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Eur Arch Otorhinolaryngol. 2015 Sep;272(9):2101-9. doi: 10.1007/s00405-014-3159-3. Epub 2014 Jul 18.

Larynx during exercise: the unexplored bottleneck of the airways.

Author information

1
Department of Pediatrics, Haukeland University Hospital, N-5021, Bergen, Norway, odro@helse-bergen.no.

Abstract

Exercise-induced shortness of breath is not uncommon in otherwise healthy young people. Based on the presenting symptoms alone, it is challenging to distinguish exercise-induced asthma (EIA) from exercise-induced obstruction of central airways, sometimes leading to diagnostic errors and inadequate treatment. Central airway obstruction usually presents with exercise-induced inspiratory symptoms (EIIS) during ongoing exercise. EIIS tends to peak towards the end of an exercise session or immediately after its completion, contradicting symptoms of EIA typically peaking 3-15 min after the exercise has stopped. EIIS is usually associated with some form of laryngeal obstruction. Transnasal flexible laryngoscopy performed continuously throughout an incremental exercise test from rest to exhaustion or to intolerable symptoms is usually diagnostic, and also provides information that is important for further handling and treatment. Reflecting the complex anatomy and functional features of the larynx, exercise-induced laryngeal obstruction (EILO) appears to be a heterogeneous condition. Contradicting previous beliefs, recent literature suggests that laryngeal adduction in a majority of cases starts in supraglottic structures and that vocal cord adduction (VCD) most often occurs as a secondary phenomenon. However, EILO is poorly understood and more and better research is needed to unravel causal mechanisms. The evidence base for treatment of EILO is weak. Speech therapy, psychotherapy, biofeedback, muscle training, anticholinergic aerosols have all been applied, as has laser supraglottoplasty. Randomized controlled trials with well-defined and verifiable inclusion and success criteria are required to establish evidence-based treatment schemes.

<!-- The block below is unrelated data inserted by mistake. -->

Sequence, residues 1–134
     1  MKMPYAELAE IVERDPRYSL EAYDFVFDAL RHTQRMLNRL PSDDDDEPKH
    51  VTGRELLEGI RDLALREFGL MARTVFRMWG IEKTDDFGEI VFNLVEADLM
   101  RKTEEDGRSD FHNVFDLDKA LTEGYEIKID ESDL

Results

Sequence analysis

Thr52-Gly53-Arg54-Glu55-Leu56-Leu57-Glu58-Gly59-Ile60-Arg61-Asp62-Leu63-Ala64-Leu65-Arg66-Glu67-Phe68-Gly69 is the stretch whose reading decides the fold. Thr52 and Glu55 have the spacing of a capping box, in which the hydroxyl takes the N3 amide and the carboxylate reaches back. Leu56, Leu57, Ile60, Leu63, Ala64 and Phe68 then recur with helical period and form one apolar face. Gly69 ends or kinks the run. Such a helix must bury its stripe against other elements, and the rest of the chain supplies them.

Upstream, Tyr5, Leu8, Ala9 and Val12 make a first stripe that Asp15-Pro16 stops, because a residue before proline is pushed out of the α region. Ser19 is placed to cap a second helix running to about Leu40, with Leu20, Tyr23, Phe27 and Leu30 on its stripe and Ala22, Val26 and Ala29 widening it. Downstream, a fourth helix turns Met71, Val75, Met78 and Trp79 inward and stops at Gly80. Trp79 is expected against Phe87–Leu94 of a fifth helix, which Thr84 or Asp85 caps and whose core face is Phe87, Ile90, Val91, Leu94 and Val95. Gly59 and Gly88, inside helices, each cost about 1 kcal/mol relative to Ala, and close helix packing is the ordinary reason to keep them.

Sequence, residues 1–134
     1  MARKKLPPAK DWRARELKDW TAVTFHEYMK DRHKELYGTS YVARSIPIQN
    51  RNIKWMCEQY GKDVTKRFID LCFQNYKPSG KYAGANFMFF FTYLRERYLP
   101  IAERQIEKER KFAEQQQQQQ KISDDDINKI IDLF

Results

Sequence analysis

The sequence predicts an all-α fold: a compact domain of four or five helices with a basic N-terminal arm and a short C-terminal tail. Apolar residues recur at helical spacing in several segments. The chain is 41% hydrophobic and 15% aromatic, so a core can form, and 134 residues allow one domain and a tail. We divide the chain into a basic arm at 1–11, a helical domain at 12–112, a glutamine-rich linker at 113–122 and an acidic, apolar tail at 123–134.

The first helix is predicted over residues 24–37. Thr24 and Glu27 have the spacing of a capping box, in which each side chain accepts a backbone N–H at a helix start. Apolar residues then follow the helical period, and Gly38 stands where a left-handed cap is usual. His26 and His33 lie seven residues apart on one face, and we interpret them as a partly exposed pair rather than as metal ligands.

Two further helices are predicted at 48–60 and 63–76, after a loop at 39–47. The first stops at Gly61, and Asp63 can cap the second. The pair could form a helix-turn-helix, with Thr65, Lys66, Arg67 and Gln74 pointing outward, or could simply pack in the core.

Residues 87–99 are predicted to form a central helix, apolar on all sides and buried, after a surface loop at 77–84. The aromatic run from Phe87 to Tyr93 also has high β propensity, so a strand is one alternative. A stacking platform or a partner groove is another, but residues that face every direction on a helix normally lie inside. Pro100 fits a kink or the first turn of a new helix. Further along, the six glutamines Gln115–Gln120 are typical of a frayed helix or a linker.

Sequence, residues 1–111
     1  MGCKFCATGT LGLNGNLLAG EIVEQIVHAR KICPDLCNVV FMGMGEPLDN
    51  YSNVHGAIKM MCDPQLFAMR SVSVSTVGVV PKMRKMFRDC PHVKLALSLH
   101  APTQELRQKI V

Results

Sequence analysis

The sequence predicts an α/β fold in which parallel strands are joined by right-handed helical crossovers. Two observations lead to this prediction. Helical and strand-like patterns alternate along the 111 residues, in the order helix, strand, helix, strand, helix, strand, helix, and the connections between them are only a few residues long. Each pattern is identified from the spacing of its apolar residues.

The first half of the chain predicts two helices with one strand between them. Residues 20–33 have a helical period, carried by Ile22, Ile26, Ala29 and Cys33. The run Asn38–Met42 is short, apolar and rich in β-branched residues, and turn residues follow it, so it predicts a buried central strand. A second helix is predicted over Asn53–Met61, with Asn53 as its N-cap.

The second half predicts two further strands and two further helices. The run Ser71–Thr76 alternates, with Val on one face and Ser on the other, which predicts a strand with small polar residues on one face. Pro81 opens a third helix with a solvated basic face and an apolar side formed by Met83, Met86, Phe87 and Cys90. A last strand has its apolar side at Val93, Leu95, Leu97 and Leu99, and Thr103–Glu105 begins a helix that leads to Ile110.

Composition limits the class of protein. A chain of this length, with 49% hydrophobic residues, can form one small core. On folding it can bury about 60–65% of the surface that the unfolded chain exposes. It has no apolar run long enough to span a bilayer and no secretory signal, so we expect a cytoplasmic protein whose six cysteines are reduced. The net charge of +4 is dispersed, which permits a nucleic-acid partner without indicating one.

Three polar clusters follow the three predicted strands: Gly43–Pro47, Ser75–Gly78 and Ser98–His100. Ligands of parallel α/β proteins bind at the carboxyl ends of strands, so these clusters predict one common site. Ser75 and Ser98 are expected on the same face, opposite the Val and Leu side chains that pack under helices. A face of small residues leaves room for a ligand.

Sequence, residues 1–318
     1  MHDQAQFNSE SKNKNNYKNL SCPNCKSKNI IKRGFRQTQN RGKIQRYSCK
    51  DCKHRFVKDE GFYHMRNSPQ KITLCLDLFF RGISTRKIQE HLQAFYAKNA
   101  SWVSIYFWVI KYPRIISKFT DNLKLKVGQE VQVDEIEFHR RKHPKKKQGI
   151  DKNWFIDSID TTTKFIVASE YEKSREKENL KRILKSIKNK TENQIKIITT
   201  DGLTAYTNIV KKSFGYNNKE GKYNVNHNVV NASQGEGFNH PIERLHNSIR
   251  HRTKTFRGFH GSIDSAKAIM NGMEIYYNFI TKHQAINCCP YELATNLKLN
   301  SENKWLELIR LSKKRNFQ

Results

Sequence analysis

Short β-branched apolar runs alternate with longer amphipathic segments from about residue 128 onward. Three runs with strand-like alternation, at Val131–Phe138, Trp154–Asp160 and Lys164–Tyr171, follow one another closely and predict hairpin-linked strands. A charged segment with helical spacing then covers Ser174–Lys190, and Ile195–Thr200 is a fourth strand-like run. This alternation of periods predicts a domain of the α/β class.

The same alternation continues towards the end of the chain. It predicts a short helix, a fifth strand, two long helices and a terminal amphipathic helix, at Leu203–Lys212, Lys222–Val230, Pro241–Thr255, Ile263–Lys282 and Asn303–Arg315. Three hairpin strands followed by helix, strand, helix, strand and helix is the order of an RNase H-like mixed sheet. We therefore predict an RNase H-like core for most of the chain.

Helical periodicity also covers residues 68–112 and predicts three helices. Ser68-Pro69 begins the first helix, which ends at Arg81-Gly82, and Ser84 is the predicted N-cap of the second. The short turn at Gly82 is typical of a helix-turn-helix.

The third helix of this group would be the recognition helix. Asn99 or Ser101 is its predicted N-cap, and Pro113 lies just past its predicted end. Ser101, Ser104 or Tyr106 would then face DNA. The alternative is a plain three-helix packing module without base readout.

PMID:
25033930
PMCID:
PMC4526593
DOI:
10.1007/s00405-014-3159-3
[Indexed for MEDLINE]
Free PMC Article

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